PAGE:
Ryan Heyel and Zack Gorman were tabbed by Wright City Activities Director David Evans as the two head coaches for the Wright City High School cross country program. Heyel, a Connecticut native, will …
Ryan Heyel and Zack Gorman were tabbed by Wright City Activities Director David Evans as the two head coaches for the Wright City High School cross country program.
Heyel, a Connecticut native, will serve as one of two coaches for the Wright City cross country programs. He spent the last four years at Clopton High School. Heyel, who attended Hannibal La Grange on a track scholarship, coached both track and cross country at Clopton High School. Heyel was the head track and field coach for three years after serving as an assistant coach his first year at Clopton. He coached the cross country program for the past two years. He was the head coach last season.
“When I was there, I rebuilt the program from the ground up,” Heyel said. “I’m not saying what they were doing was bad but they were almost of a mindset of let’s have the kids run a mile and then send them home. It was what it was. Just another activity. But I kind of restructured it.”
Gorman also has experience coaching cross country. He coached cross country at Wright City Middle School for the past two years. The plan is for Gorman to handle the administrative part of coaching the team. Gorman will take the athletes to meets on days Heyel is not available to make the trip. Heyel, who is also the assistant band director, will attend meets when he can. Heyel will run the practices.
“He’s going to handle the administrative side of it,” Heyel said. “So he’ll be taking the kids to the meets because obviously I have obligations to the band. So if I can make it to a meet, obviously I’m going to go support the kids. See what they’re doing. I can make notes for practices and what not. But he’s going to cover the travels and then I’m basically going to structure the workout programs.”
This is the arrangement Gorman envisioned when he accepted the position.
“I believe he has more experience than me,” Gorman said. “So I’m hoping he kind of runs everything and then I’ll kind of take on more of like an administrative role. Check kids into races. Going to meets.”
Heyel used his physical training experience in the military and intertwined it with his experiences from college, high school and middle school to form a cohesive program developed for sixth graders through high school seniors. He is glad he can bring experience to Wright City and hopefully help the athletes achieve higher levels of success.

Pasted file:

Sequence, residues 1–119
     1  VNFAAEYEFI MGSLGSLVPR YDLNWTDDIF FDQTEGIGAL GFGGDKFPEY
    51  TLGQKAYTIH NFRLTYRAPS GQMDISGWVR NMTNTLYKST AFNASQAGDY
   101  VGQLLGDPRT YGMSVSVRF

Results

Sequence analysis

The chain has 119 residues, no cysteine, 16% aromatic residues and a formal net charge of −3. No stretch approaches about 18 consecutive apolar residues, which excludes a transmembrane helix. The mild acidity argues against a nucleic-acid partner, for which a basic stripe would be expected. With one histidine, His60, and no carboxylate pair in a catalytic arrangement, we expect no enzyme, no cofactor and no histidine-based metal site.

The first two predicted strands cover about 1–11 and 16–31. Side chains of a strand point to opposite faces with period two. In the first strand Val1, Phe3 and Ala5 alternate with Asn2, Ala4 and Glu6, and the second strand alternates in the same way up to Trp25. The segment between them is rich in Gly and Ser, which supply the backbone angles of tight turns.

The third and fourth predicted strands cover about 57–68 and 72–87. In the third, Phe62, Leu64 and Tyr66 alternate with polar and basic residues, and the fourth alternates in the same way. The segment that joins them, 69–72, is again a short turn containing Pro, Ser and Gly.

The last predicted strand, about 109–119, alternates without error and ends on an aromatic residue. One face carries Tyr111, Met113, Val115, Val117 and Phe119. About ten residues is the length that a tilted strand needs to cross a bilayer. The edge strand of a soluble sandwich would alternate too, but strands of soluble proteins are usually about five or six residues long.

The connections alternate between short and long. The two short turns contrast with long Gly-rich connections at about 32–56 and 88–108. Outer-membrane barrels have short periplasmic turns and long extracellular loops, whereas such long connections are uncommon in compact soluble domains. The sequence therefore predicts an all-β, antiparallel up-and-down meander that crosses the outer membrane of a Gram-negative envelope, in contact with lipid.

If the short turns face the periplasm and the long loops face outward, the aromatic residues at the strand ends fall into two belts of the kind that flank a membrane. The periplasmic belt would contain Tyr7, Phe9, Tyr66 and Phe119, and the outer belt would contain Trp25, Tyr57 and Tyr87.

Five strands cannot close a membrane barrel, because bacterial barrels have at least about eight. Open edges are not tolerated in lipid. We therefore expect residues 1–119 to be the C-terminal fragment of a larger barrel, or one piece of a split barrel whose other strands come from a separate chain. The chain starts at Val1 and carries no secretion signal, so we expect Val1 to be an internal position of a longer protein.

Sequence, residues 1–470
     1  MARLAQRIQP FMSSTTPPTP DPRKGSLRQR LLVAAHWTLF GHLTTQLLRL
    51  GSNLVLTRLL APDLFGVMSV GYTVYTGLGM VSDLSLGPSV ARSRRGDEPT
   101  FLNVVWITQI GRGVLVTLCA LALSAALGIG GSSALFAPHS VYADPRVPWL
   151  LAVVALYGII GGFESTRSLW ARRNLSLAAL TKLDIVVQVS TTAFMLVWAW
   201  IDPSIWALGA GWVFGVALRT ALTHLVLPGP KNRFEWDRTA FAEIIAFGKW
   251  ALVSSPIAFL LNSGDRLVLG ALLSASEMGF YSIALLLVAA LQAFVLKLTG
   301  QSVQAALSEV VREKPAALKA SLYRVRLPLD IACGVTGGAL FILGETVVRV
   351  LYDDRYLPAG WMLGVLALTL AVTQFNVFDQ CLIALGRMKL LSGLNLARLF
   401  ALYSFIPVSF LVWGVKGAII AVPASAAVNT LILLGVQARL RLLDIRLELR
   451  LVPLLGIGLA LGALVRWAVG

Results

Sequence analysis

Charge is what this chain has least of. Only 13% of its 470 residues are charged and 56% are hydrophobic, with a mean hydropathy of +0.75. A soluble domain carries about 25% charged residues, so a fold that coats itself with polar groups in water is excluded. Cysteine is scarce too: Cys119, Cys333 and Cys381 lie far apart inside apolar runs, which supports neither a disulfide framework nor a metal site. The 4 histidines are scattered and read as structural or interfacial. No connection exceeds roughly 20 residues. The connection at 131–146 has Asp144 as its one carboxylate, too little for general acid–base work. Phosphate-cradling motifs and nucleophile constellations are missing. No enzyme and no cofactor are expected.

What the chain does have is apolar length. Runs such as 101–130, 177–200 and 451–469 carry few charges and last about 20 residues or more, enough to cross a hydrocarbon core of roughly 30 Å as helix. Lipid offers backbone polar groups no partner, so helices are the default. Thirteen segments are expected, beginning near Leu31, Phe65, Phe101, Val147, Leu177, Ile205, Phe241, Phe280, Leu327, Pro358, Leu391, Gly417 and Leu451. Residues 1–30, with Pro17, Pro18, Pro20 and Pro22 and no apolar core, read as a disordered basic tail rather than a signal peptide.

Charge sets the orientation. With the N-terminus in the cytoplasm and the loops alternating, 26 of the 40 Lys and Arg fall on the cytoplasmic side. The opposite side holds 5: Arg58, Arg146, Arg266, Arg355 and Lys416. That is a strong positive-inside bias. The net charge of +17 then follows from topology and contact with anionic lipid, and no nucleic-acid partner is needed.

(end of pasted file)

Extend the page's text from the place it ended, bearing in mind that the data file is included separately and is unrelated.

Gorman believes his past coaching experience, especially as the assistant girls soccer coach, will help in his transition to the position. He noted how important conditioning is for both soccer and cross country.
“A huge part of soccer was getting the girls in shape,” Gorman said. “And honestly, we really pushed a lot of them to run cross country in the fall to be ready for the spring. So they go hand and hand definitely.”
Heyel believes the transition from running and coaching track to coaching cross country was fairly smooth. He coached the athletes in track and cross country in a very similar fashion.
“The military kind of reshaped my whole view on physical development,” Heyel said. “They showed me you can become a proficient distance runner. You can become a proficient sprinter.”
Heyel believes nutrition can be one of the ways athletes can improve their running times. He saw this come to fruition in his time at Clopton.
Heyel also stressed the importance of setting expectations for the team.
“If you come in and you don’t have expectations, the kids are going to feed off that,” Heyel said. “They’re going to be like if you don’t care, why should I care? They’re going to go through the motions and get out. But if you come in. You show them you care and you invest, they will naturally feed off that. They will in turn invest and go from there.”
Gorman is also set to take the reigns of the Wright City High School boys golf program. Gorman takes over for Bill Schaffer, who retired.
Gorman said coaching golf has always been one of his goals. He had experience playing golf and caddying growing up. He still helps his parents put on a tournament every year at Country Lakes in Warrenton for the Heart Association.
“It’s kind of always been in my life since I was six,” Gorman said. “It was really the sport that I always wanted to coach. The only other one would be hockey and it’s not school sponsored here so it’s kind of a tough one.”
Gorman believes focusing on a golfer’s short game is crucial to their improvement. It is easy to lose strokes around the green but it is hard to gain strokes in that area, Gorman believes.
“You miss one putt, even if it’s a four-foot putt, you hurt yourself,” Gorman said. “So I want to get it through their heads that hey, driving the ball 300 yards is awesome and it looks cool. But around the green is where you’re going to save yourself.”
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